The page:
MADISON, Wis. (AP) — Wisconsin Assembly Speaker Robin Vos said Friday he wants to cut taxes by “significantly” more than $3.4 billion in the next state budget while remaining coy about how he wants to address significant issues such as funding for schools and local governments.

Vos, along with Democratic state Rep. Kalan Haywood, discussed how they would like to see the Legislature handle the state’s projected $6.6 billion budget surplus during a virtual event Friday hosted by the nonpartisan Wisconsin Policy Forum.

Vos and Republicans for months have said they want to cut taxes, emphasizing further flattening the state’s income tax rates. The last state budget, passed by the Legislature and signed by Gov. Tony Evers, cut taxes by $3.4 billion.

“I can’t see us doing a lower tax cut than we did last time,” Vos said. He called $3.4 billion the “absolutely bare bones bottom” of what Republicans will cut.

“We think it would be significantly higher than that,” he said.

Wisconsin’s income tax rates begin at 3.54% and increase to 7.65%. The top rate applies to single filers earning $280,950 and up, married joint filers making more than $374,600, and married people filing separate returns with taxable income of more than $187,300.

Vos said he wanted to lower taxes for those in the highest bracket, but all taxpayers will see cuts. Haywood said any tax cuts should favor the poor and middle class.

“They all deserve relief,” Vos said. “I don’t think we can just keep focusing on the one bracket; it has to be all brackets.”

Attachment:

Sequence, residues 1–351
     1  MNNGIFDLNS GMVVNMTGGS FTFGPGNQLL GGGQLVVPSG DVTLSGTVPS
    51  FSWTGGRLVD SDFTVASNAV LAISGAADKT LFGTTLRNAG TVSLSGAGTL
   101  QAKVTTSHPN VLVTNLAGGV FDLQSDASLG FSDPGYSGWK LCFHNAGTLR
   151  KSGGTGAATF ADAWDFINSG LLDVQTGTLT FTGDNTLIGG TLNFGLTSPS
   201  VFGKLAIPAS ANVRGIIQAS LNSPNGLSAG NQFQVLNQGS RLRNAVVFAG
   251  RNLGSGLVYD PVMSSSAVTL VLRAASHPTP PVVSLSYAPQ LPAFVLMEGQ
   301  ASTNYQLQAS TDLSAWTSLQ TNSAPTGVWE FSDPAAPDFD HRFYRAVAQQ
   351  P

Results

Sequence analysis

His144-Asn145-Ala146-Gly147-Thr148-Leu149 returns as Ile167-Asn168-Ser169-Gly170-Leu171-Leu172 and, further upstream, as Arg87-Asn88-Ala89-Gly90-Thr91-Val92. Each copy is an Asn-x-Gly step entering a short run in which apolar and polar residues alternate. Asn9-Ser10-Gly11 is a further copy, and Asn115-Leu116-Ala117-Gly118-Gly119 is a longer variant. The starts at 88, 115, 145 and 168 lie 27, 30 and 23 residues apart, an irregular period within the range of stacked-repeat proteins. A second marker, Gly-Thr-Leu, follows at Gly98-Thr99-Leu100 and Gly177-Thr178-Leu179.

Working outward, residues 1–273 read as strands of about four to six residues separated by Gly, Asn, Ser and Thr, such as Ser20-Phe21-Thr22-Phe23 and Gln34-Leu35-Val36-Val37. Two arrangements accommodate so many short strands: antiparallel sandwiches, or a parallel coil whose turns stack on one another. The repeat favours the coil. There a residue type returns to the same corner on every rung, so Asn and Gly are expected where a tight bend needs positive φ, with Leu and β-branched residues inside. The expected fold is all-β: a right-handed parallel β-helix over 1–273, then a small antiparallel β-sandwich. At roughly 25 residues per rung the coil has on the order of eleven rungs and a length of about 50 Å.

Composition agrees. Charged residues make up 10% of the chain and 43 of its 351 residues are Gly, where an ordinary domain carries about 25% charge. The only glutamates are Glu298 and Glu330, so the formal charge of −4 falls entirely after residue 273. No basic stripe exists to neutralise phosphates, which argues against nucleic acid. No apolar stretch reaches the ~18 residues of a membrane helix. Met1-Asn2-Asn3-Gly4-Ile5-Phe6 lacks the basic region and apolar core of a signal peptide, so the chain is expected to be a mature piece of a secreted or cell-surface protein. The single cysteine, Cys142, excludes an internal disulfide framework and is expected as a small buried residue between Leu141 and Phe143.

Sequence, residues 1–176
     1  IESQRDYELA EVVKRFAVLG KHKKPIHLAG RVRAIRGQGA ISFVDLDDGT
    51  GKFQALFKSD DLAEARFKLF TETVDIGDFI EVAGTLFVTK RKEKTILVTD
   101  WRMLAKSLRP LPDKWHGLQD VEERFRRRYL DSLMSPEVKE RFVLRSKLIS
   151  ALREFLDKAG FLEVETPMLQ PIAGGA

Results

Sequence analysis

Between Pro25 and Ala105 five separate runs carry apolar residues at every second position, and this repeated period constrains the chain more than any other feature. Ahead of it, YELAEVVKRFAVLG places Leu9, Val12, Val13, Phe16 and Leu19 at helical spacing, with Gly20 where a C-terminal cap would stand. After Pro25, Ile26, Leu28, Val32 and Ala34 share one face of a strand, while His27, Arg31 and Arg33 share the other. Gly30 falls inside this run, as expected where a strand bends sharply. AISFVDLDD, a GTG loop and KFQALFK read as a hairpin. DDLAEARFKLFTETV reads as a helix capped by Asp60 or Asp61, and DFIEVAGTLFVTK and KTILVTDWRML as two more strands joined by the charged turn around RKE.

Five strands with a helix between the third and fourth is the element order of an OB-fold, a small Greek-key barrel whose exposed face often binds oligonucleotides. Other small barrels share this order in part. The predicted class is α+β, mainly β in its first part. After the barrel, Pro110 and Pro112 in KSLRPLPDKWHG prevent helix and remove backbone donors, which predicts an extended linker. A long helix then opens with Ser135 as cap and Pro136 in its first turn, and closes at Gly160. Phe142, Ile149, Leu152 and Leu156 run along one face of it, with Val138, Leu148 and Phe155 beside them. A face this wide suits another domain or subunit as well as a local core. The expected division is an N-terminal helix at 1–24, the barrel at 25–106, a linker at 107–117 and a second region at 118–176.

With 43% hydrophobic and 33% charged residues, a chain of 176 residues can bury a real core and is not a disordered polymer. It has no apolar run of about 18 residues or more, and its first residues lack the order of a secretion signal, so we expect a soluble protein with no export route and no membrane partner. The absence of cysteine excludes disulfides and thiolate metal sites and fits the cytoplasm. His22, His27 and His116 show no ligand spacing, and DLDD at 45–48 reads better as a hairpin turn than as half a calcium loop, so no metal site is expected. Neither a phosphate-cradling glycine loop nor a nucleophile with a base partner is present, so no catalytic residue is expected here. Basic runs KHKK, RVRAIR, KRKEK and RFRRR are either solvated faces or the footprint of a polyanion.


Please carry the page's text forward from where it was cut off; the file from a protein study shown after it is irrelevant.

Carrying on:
Evers will release his budget proposal to the Legislature on Feb. 15. Over the next several months, the Republican-controlled Legislature will rewrite it before sending their two-year spending plan back to Evers likely in June. It will cover state spending from July 1 through June 30, 2025.

The surplus gives Evers and the Legislature a tremendous opportunity to address spending needs, cut taxes or save money. The fight will be over who gets how much.

Local governments are one group in discussion with lawmakers over increasing the money they get from the state, known as shared revenue. Vos said he was in the early stages of discussing ideas with groups representing counties, cities, towns, and villages.

One possibility they’ve discussed is using 1% of the state sales tax to replace shared revenue, with the idea that as sales taxes increase, so too does funding for local governments, Vos said. Shared revenue for counties and municipalities dropped more than 6% in 2012 and has been flat ever since, leading to increased calls to create a different funding system.

“We are we are nowhere near what that would look like,” Vos said of replacing shared revenue with a portion of the sales tax. “But that broad outline seems to be one that a lot of people are interested in.”

Evers has called for increasing shared revenue by 4% in each of the next two years.

Before giving more funding to Milwaukee, however, Vos said he wanted to see what changes the city is willing to make to save money, like consolidating services or merging its retirement system with the states.

“Revenue without reform is DOA,” Vos said. “We’re not going to just say more revenue is the answer to the problem.”

Vos said he was open to spending more on K-12 public schools, but in the past, he has said that most would be coupled with the school choice program’s expansion.

“We have to see what’s realistic versus what’s possible,” he said in reference to school funding.

When asked about Madison exploring the possibility of seeking an Amtrak train connecting the capital city to Milwaukee, Vos said he would oppose any state money going toward the project.